Sunday, January 15, 2006

Why don't we do it in the road?

For various reasons I ended up writing on the road yesterday, almost literally. Circumstances meant I didn't against staying home to write. Life in one room gets pretty tiresome, I need a day out every now and then - but I also needed to progress Fiends 3 to have any hope of finishing the bugger today. So, armed with my iBook and iPod (I am Steve Jobs' bitch when it comes to techno gadgets), I spent 90 minutes sat in a car yesterday afternoon, typing like mad. I bashed out 1500 words in that stint, before relocating to the kitchen table at an acquaintance's home - another hour, another 1000 words. I've always been bemused by scribes who say they write best in cafes and pubs, the idea seemed anathema to me. I'm used to writing as a solitary activity, best done in a small room with a closed door and as few distractions as problem. [I love broadband but it's a bugger when struggling to stay focused.]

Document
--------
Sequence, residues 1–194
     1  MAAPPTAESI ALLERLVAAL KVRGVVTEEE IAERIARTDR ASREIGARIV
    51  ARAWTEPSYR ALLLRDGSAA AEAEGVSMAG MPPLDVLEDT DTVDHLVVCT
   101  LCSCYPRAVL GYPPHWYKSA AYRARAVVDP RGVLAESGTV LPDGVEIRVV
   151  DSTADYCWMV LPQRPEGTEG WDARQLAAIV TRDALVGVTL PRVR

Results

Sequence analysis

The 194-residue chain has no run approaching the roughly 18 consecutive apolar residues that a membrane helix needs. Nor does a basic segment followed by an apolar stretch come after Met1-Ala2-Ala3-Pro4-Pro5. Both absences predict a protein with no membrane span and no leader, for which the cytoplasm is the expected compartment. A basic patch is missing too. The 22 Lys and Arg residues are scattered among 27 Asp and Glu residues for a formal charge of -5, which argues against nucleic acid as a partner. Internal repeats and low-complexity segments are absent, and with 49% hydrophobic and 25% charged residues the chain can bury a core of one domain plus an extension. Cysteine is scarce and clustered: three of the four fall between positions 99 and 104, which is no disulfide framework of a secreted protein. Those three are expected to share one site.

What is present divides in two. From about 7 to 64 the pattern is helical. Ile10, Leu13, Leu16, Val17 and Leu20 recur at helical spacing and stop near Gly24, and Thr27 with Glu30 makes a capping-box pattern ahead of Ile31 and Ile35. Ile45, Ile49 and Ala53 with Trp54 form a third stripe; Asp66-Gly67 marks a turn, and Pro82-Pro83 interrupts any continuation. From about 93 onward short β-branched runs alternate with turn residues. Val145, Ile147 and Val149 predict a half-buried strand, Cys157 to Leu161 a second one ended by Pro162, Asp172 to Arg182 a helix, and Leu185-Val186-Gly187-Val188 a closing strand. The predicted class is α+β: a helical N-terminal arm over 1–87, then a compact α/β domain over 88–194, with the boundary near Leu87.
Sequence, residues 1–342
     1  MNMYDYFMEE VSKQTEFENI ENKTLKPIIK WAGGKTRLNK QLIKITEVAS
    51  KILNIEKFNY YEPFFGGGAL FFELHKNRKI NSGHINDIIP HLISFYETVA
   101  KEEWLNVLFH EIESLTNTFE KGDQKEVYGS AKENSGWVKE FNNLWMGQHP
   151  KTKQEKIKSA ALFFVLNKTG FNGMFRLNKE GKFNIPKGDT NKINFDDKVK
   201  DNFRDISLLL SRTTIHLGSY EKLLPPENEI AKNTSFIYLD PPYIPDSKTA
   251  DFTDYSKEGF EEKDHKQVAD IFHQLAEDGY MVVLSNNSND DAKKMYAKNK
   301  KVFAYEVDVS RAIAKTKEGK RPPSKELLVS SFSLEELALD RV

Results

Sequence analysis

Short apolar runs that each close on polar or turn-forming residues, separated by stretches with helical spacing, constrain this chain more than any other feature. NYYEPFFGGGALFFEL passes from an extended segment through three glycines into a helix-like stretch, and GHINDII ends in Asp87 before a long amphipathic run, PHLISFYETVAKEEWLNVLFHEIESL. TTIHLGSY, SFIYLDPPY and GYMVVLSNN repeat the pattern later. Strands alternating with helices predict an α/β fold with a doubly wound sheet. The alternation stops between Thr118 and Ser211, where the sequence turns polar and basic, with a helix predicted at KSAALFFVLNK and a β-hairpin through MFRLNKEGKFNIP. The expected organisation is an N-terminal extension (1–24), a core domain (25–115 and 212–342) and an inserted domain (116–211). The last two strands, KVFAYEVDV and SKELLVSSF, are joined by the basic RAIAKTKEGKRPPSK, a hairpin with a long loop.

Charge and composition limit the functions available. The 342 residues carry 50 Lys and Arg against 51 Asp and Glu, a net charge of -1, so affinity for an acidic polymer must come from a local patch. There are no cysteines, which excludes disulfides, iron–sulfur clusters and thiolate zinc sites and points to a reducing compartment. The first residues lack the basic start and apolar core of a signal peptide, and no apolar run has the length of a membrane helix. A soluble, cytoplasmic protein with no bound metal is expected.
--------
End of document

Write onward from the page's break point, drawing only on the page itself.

Anyway, I got 2500 words down, moved all my pawns into place for the big finish and am now about to embark on the blood-soaked finale. Not convinced I'd make a habit of writing on the road - it's 30 miles to the nearest Starbucks, for a start - but with the iPod blocking out the white noise around me and creating a little writing cocoon, it is at least possible now.

Even procrasti-bloody-nation. Back to the book. Let wailing and gnashing commence, let death and blood-letting be unconfirmed, let acpocalyptic mayhem run loose in the dungeons of Transylvania. Enjoy your Sunday afternoon folks, I should resurface by nightfall...


Gordon said...

You wuss. I wrote an entire Black Flame novel on my palmtop, and in the pub.

David Bishop said...

Hark at the Gonzo novelist! Not being a smoker, your Dylan Thomas-esque writing milieu is not for me - at least, not until after March 26th when the Scottish Executive bans smoking in pubs (with some exception).

Besides, I like being near all my reference books - two shelves and counting for the Fiends trilogy - they're a source of comfort when inspiration fails.